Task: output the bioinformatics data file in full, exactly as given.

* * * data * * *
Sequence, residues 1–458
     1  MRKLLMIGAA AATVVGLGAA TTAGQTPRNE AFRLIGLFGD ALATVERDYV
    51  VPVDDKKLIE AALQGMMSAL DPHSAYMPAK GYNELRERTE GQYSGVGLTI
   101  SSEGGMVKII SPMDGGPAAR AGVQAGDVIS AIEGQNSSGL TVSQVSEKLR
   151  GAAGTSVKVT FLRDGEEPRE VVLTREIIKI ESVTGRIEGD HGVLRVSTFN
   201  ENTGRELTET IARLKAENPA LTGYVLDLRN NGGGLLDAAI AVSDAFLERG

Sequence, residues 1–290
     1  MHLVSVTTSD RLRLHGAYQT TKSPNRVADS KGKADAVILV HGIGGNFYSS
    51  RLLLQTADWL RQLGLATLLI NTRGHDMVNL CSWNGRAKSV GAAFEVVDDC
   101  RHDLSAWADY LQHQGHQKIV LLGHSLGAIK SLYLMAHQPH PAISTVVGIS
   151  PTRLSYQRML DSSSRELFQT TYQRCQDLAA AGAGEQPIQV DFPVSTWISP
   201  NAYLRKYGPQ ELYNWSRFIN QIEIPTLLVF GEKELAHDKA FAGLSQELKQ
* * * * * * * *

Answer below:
Sequence, residues 1–458
     1  MRKLLMIGAA AATVVGLGAA TTAGQTPRNE AFRLIGLFGD ALATVERDYV
    51  VPVDDKKLIE AALQGMMSAL DPHSAYMPAK GYNELRERTE GQYSGVGLTI
   101  SSEGGMVKII SPMDGGPAAR AGVQAGDVIS AIEGQNSSGL TVSQVSEKLR
   151  GAAGTSVKVT FLRDGEEPRE VVLTREIIKI ESVTGRIEGD HGVLRVSTFN
   201  ENTGRELTET IARLKAENPA LTGYVLDLRN NGGGLLDAAI AVSDAFLERG

Sequence, residues 1–290
     1  MHLVSVTTSD RLRLHGAYQT TKSPNRVADS KGKADAVILV HGIGGNFYSS
    51  RLLLQTADWL RQLGLATLLI NTRGHDMVNL CSWNGRAKSV GAAFEVVDDC
   101  RHDLSAWADY LQHQGHQKIV LLGHSLGAIK SLYLMAHQPH PAISTVVGIS
   151  PTRLSYQRML DSSSRELFQT TYQRCQDLAA AGAGEQPIQV DFPVSTWISP
   201  NAYLRKYGPQ ELYNWSRFIN QIEIPTLLVF GEKELAHDKA FAGLSQELKQ